In The Keeper of Lost Causes, Jussi Adler-Olsen introduced Detective Carl Mørck, a deeply flawed, brilliant detective newly assigned to run Department Q, the home of Copenhagen’s coldest cases. The result wasn’t what Mørck - or readers - expected, but by the opening of Adler-Olsen’s shocking, fast-paced follow-up, Mørck is satisfied with the notion of picking up long-cold leads. So he’s naturally intrigued when a closed case lands on his desk: A brother and sister were brutally murdered two decades earlier, and one of the suspects - part of a group of privileged boarding-school students - confessed and was convicted.
But once Mørck reopens the files, it becomes clear that all is not what it seems. Looking into the supposedly solved case leads him to Kimmie, a woman living on the streets, stealing to survive. Kimmie has mastered evading the police, but now they aren’t the only ones looking for her. Because Kimmie has secrets that certain influential individuals would kill to keep buried... as well as one of her own that could turn everything on its head.
Every bit as pulse-pounding as the book that launched the series, The Absent One delivers further proof that Jussi Adler-Olsen is one of the world's premier thriller writers.
©2012 Jussi Adler-Olsen (P)2012 Penguin Audio
I was an avid reader of books before my work took most of my time so now I listen to Audible books when I'm exercising or walking my dog. I like mystery and thriller novels, particularly good serial killer novels. I'm a writer and a psychotherapist.
This audio book was fantastic from beginning to end. Narrator is highly skilled and there was never an uninteresting moment. I Dont even usually buy books that have to be read with an accent .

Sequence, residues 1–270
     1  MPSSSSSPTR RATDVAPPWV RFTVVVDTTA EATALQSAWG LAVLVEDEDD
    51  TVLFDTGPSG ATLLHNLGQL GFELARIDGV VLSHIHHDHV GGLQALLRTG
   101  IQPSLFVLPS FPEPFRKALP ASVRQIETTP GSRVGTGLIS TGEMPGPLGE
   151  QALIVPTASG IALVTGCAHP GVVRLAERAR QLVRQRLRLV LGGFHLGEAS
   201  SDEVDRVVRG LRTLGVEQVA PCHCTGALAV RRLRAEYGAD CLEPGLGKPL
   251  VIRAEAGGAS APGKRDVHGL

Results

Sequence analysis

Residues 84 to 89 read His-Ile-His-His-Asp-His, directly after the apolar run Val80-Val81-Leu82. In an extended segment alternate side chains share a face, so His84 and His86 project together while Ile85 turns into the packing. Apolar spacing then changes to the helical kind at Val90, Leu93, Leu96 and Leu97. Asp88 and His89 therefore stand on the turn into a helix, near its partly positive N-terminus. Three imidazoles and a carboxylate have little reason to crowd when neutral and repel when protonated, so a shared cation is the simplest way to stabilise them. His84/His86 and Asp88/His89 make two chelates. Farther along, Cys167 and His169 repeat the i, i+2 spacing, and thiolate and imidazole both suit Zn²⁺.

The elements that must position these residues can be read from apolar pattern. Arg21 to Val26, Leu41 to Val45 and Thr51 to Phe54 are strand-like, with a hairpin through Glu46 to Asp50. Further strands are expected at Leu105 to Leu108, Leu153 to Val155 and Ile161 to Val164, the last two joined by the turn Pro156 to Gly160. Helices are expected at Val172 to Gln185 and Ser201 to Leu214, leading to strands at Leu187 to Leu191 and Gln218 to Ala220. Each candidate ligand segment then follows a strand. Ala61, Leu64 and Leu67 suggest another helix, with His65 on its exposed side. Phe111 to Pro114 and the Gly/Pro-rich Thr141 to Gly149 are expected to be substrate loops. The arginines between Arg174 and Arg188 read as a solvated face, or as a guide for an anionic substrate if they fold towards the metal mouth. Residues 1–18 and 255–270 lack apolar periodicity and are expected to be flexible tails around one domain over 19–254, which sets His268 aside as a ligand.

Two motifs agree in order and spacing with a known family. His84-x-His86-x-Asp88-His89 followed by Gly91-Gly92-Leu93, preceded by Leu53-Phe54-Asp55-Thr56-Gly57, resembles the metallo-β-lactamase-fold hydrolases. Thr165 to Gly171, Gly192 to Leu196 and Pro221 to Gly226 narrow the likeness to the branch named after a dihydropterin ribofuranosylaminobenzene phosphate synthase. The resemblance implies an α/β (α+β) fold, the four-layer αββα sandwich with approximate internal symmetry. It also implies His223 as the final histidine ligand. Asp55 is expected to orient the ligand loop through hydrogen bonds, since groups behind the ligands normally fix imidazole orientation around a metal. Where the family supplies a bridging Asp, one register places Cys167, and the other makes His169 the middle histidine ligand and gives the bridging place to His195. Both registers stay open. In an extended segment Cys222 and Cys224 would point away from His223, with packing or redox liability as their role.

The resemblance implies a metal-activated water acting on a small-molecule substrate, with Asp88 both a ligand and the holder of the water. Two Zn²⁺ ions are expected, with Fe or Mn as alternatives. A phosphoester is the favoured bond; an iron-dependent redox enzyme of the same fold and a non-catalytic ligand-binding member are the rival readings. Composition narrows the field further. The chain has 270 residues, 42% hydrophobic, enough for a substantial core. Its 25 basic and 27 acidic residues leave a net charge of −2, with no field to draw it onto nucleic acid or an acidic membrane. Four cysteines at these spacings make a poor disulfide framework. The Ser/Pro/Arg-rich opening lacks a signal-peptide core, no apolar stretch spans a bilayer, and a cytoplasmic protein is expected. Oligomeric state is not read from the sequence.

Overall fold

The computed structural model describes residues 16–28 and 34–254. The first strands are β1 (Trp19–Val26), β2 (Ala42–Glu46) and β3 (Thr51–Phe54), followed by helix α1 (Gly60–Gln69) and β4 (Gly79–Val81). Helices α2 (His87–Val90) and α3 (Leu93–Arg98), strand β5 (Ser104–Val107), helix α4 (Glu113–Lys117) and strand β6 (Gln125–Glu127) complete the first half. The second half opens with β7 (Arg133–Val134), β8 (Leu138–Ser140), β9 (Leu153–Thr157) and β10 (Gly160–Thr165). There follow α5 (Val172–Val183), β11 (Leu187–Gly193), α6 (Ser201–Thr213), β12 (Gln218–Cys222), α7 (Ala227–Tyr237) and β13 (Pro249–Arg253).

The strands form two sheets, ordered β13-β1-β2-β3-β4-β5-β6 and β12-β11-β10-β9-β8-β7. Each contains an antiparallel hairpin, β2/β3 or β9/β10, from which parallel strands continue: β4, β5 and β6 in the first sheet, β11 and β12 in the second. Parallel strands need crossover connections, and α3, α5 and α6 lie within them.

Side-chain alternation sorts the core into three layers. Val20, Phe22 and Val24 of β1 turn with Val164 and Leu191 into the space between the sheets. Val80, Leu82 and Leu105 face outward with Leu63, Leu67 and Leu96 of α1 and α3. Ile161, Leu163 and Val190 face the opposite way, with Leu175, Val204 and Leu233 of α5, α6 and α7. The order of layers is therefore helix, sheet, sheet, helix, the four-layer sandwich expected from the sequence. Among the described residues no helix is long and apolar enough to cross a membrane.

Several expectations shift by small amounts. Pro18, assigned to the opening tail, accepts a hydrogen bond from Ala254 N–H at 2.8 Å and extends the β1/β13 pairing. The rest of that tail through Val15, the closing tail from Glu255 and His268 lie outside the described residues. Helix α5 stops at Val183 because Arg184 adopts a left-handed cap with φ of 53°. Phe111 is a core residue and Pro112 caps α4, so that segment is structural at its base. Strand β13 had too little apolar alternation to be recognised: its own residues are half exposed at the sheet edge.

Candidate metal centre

No criticism towards the reader, but a heavy Nordic accent would be more appropriate for this series.
An avid reader, demanding of the story, characters and narrator. Mysteries and historical fiction are my favorites.
If you liked the first Dept. Q book, you will like this one. The characters working with Carl are more finely drawn, and the "bad guys" part of the story is completely engaging.
I strongly recommend. GO IN ORDER.
Books are for dreaming with eyes wide open.
This is my new favorite series! Absolutely different and exciting. I devoured this book in less than 2 days! Could not stop listening. Last night I ended up going to bed at 2 am because it was so good & today I called in sick for the better half of the morning just to finish it. I'm downloading the next one! Characterization was on point and the story was twisted and dark.
I have to agree with the other reviewers on the new narrator. I had to restart three times to get accustomed to the British accent. It was off putting. The story was compelling and eventually I became comfortable with the narration. It's not the narrator - it's the choice of using British accents for Danish characters. I'm sure this is no problem for British listeners. 😬
I was immediately disappointed when I didn't hear Eric Davies reading this second in Adler-Olsen's Q series. Whatever his background, Davies was perfect! I also missed the interplay between the protagonist and Assad, his under-appreciated right-hand man. Not sure if I'll pursue this series.
Frustrated with sign ons between audible & amazon. Trying both over and over on ipads full pc, plus laptop. Never accepts characters fed up
Probably improves, but not for me. Language i can listen for short bursts but way too much F bombs for me. Some of the voices (high squeaky pit ch) to me is chalk on a blackboard.
I enjoyed 1st and was looking forward to continue all of series. Now i will take into consideration other books first.
There is so much in this story. I love the main characters and the continuing story line. This particular book really reached me emotionally the author did an awesome job with the characters and the events you could really feel emotions and depth
I enjoyed the story, but not as much as the first. The two main problems were the awful British translation, which, coupled with the performance, detracted from the "Danishness" of the book and the often preachy, cliché class commentary.
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